And then there is another view. The depiction of Engkantos corresponds to how indigenous people viewed Spaniards when they first arrived in the Phillipines. Think about it – lighter skinned people from another land who fall in love with natives, cause strange things to happen, and wield unusual powers…hmmm.

So. Did Engkanto lore serve as cautionary tales for indigenous Filipinnos about the Spanish? Did such tales preexist European travel? Are the Engkantos indigenous nature spirits that took on some European characteristics over time?

What do you think? Have you heard Engkanto stories? There is a little comment box far below, let’s chat it up!

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Copyright 2015 The Storyrafters. All right reserved.

SOURCES:
Demetrio, Francisco (1969). The Engkanto Belief: An Essay in Interpretation. Asian Folklore Studies, Vol. 28, No. 1, 77-90.
philippinetales.weebly.com/claimed-encounters/category/engkanto20baa2a57e
Wikipedia – Engkanto

PHOTO CREDIT: By Ramon FVelasquez (Own work) [CC BY-SA 3.0 (http://creativecommons.org/licenses/by-sa/3.0)%5D, via Wikimedia Commons

Of Mannequins and Princesses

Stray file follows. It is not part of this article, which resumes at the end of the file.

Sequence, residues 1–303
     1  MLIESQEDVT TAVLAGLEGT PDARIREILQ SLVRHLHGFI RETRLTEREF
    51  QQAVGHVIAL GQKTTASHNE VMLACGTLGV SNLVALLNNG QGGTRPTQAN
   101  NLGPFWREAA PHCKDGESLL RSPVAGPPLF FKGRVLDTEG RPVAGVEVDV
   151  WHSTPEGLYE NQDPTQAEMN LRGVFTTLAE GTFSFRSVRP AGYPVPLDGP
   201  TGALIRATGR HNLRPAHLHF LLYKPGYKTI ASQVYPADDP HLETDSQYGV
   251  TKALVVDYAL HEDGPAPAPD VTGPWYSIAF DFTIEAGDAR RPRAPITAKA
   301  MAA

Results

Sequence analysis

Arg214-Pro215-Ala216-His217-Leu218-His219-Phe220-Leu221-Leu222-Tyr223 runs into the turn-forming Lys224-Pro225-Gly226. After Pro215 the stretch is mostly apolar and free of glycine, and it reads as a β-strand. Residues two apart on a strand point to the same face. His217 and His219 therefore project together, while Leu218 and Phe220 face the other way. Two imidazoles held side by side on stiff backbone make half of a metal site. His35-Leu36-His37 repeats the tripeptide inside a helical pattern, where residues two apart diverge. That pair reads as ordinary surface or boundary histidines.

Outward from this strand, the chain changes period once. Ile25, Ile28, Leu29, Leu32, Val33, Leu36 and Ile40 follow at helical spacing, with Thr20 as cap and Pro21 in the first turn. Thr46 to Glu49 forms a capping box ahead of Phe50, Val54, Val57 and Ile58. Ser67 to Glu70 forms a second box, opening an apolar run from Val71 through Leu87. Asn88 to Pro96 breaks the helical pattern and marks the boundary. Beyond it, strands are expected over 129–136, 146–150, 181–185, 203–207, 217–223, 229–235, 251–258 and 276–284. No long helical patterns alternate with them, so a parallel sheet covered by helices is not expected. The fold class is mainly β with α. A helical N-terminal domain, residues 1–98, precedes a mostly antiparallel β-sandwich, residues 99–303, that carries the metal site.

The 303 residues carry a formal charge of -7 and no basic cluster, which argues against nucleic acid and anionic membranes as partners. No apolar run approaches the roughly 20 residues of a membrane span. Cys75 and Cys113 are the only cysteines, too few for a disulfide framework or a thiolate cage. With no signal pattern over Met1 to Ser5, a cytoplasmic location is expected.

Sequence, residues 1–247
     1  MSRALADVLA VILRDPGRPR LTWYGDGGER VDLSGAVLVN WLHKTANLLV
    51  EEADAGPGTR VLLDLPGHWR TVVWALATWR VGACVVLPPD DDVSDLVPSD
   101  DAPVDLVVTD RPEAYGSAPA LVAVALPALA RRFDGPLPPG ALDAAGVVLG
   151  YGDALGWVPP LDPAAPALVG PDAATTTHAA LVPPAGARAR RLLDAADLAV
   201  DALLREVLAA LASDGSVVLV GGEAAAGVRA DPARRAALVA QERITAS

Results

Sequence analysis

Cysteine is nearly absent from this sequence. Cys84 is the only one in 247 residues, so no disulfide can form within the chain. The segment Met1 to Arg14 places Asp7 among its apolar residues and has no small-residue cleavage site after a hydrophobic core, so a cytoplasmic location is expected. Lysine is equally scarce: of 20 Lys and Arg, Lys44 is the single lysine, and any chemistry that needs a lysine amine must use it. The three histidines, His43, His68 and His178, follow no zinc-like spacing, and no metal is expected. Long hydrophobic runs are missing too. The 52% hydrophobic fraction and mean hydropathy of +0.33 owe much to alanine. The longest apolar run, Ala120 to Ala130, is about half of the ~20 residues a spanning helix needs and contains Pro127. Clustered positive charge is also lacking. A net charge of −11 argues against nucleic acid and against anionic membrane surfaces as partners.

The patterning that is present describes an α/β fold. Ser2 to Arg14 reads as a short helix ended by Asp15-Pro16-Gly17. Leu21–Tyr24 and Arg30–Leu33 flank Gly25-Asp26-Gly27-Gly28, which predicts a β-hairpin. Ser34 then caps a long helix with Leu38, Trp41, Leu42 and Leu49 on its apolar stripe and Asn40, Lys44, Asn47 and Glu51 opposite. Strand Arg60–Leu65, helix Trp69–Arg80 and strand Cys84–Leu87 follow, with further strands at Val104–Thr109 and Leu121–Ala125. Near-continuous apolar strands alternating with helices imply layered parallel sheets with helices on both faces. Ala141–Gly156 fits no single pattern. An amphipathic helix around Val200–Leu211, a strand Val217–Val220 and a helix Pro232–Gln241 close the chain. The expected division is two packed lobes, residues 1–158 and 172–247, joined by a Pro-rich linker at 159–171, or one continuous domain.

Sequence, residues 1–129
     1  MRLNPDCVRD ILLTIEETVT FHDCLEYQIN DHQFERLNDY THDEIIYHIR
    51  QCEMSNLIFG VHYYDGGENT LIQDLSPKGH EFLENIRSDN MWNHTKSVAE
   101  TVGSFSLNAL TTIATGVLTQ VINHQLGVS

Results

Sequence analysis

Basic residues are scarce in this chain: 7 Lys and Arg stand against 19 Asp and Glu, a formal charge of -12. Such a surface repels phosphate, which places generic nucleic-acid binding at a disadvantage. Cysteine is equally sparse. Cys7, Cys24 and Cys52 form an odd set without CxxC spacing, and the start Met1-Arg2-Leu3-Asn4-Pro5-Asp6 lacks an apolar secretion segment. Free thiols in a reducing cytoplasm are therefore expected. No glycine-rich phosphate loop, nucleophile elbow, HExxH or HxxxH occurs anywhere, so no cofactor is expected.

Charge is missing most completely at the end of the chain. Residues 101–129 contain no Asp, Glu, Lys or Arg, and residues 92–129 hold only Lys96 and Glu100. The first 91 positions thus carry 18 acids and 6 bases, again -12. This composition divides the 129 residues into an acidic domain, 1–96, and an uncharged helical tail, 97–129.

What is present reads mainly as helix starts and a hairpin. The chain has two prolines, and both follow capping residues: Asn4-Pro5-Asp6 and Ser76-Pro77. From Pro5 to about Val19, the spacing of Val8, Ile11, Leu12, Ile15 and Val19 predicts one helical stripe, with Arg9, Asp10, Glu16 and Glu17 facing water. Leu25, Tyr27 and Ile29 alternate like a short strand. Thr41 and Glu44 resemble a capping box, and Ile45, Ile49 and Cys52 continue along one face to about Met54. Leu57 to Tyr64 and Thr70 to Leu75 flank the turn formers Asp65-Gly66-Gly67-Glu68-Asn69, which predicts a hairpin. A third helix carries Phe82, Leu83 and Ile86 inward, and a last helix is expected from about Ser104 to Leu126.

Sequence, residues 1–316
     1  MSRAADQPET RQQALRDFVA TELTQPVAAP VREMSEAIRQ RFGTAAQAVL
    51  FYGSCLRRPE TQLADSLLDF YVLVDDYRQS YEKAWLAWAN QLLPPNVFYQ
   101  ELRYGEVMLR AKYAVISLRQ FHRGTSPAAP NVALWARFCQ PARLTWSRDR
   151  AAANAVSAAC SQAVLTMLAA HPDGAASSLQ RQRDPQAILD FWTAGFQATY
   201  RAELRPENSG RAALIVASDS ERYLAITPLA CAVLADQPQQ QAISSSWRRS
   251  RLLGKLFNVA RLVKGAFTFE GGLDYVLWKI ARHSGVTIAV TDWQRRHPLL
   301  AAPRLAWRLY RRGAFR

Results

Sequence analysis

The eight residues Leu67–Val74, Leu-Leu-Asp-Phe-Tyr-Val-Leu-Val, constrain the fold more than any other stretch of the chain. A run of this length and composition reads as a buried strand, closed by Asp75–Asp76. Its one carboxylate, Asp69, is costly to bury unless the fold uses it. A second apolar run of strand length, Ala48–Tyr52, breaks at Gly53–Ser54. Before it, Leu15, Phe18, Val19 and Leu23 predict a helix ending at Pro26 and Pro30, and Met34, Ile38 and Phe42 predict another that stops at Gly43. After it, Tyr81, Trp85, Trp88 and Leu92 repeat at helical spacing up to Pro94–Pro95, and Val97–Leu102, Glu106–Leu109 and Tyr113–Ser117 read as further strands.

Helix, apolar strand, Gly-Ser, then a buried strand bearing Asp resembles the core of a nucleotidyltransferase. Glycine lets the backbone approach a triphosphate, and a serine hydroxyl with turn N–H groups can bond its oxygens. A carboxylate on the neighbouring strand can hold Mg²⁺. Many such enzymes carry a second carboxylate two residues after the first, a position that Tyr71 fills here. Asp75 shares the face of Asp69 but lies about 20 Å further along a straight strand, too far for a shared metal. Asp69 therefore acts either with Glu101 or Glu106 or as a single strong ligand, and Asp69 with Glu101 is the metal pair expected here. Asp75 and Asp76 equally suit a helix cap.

Mannequins and princesses. They have more in common than a penchant for wearing fancy duds.

Two web links were shared with me recently. And though the links are different, they are thematic mirrors of each other.

The first is a video depicting the construction of mannequins. These mannequins were designed to reflect the bodies of disabled people. With exquisite precision, models were measured and mannequins were made in their exact physical proportions. When the mannequins were completed, they were dressed in high end clothing and displayed in the window of an upscale store.

The most gripping moment in that video is when one of the disabled models passes by the mannequin created in her likeness. She stops and gazes at it from top and bottom. Then she smiles with a satisfaction that squeezes my heart every time I see the video. That woman saw herself reflected in the world.

Finally.